Keep in mind that I think elsewhere in Neprud he tells of CAP members making an attack on a whale that they thought was a sub. 

Quote from: JohnKachenmeister on December 04, 2010, 12:46:34 AM
Sunk, damaged, or merely scared off, the fact is that CAP's actions brought an end to the enemy coastal campaign within 4 months.
As we discussed in another thread a few years ago, there is very slight evidence that CAP made such a huge difference.   

To put things into perspective, the Germans lost less than a dozen uboats off the US East Coast during the entire war (including ones that just went missing and haven't been attributed as being sunk) and even the Cuban Navy sank a uboat.  CAP certainly helped out some, but the vast majority of sinkings were by other forces, even during 1942.

This site seems to be the final word on this subject:


The combined pressure of depth charge armed aircraft brought by all branches was a deciding factor in the Sub war. No matter if you flew Navy PBYs, Army Long range B-24s, British Lancasters, or CAP Widgeons... a difference was made from the air.

1. Even at Periscope depth the shape and form of a UBoat can be seen on a bright and sunny day from above. While surface ships would've missed the Uboat all together.

2. The number of miles covered by Surface ships as compared to aerial patrols meant the difference between hundreds of millions dollars in Destroyers that didn't need to be built versus dozen of $5,000 to $10,000 per unit CAP air planes. You could build a CAP Air Wing for what one Destroyer cost. We were just as we are now, the most cost efficient alternative.

3. The German's themselves stated that the routine employment of airborne weapons and constant harassment from the air kept UBoats submerged at 6 knots with limited visability as opposed to surface patrols at 2 to 3 times that speed and meant their subsurface fleet became ever more inefficient, ineffective, and eventually not worth the risk.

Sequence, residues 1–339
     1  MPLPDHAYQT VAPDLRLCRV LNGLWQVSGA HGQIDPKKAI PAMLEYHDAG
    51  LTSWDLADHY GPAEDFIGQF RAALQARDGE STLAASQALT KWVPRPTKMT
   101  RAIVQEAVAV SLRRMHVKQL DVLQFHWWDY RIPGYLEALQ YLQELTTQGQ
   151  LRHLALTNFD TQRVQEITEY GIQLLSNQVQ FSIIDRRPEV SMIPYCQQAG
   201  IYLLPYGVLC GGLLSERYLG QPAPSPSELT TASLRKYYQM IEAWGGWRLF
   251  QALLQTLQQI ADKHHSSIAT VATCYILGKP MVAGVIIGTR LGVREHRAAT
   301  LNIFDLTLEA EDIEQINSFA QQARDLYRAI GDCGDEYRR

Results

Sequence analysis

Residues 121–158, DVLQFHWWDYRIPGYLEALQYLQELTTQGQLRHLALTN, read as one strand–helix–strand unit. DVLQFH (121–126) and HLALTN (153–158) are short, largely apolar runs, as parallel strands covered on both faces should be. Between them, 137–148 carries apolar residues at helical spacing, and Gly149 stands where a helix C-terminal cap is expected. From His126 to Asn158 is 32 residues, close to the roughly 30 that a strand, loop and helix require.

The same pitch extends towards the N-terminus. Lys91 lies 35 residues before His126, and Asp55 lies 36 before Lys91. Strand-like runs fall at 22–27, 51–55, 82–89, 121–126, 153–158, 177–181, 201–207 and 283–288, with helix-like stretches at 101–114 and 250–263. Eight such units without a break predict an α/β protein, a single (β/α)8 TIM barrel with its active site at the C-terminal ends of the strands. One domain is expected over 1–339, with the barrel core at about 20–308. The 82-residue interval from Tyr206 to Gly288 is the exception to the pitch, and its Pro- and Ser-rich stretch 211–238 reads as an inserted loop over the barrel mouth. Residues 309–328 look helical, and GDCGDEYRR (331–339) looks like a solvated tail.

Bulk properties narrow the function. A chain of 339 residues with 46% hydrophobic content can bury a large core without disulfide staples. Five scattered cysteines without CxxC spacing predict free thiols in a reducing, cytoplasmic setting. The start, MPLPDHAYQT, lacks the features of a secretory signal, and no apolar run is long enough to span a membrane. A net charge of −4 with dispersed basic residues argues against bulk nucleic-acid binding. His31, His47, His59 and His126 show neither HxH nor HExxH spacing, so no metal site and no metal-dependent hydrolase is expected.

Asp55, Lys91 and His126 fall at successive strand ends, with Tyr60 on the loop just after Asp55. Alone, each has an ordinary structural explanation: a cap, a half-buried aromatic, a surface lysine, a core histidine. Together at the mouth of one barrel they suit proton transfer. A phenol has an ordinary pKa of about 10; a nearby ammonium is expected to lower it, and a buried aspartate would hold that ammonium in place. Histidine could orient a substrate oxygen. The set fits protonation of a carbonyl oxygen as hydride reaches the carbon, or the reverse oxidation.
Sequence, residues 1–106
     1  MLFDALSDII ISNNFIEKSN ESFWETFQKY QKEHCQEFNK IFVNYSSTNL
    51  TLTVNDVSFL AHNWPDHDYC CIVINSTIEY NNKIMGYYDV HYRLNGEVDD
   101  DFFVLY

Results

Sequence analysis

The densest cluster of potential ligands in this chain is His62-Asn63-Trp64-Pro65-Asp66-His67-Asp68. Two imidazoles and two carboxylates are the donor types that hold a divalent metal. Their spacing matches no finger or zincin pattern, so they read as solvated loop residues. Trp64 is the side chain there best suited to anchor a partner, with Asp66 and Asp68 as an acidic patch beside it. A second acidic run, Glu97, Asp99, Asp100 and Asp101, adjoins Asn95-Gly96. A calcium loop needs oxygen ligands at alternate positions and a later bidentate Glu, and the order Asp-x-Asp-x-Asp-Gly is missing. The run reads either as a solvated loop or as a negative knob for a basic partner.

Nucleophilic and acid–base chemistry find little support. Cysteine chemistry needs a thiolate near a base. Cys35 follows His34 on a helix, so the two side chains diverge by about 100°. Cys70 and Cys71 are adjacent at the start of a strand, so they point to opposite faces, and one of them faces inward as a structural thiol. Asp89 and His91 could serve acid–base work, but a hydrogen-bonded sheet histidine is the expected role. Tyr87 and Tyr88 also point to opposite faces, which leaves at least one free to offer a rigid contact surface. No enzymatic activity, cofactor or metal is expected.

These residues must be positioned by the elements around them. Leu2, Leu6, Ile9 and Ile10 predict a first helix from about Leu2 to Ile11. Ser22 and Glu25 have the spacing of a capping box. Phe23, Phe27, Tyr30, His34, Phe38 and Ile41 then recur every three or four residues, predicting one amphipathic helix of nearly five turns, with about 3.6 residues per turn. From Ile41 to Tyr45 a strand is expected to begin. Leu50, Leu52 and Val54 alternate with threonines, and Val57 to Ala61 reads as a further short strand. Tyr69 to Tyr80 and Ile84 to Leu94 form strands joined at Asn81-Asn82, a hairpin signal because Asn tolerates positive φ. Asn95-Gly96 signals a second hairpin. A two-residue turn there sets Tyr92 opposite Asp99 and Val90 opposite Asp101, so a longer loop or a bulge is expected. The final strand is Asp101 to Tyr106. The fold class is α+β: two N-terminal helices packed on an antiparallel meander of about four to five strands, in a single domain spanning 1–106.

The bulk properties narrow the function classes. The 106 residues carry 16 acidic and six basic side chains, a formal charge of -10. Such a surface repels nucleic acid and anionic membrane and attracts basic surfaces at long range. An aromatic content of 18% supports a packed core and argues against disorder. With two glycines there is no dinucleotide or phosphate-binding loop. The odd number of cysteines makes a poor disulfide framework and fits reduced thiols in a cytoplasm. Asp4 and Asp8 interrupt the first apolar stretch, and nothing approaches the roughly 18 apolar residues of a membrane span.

4. Where Anti Sub patrol planes were, eventually Uboats weren't.

5. These facts simply are not arguable. In 1942 the Navy was embarrassed by all of the Coastal shipping loses. They'd gladly take all the credit they could find. They needed the positive press. To have them award official credit to CAP... was no small thing.

6. Once the presence of Patrol Planes moved the danger lanes farther out to sea and coastal waters caravans and protected convoys became unnecessary - the available assets for other more pressing Trans-Atlantic duties is like building hundreds of extra Destroyers.

7. The German embargo of Britain eventually failed because American naval assets could then be forward deployed across the breadth of the Atlantic. It was a war that had the narrowest of margins for error, among the most amount of risk, and CAP was a near perfect quick response asset. Don't forget in '41 thru '43... Britain was close to starvation.   

So however you count the sinkings or damaging of 2 UBoats - the actual value of the CAP in WW 2 goes far beyond the little tactical battles, the small planes, the tiny bases, the old men in rubber flying suits, and was an absolute 100 percent, strategic success. 

Some credit is CAPs, that is undeniable. How much in precise terms is undetermined... that is the nature of war. The fact that our National language is not German is testament to the combined efforts of all services working in unison in 1942 and early '43.

"Nothing Beats the Heart of a Volunteer." Col. Jimmy Doolittle on the eve of his Tokyo Raid.
With regards;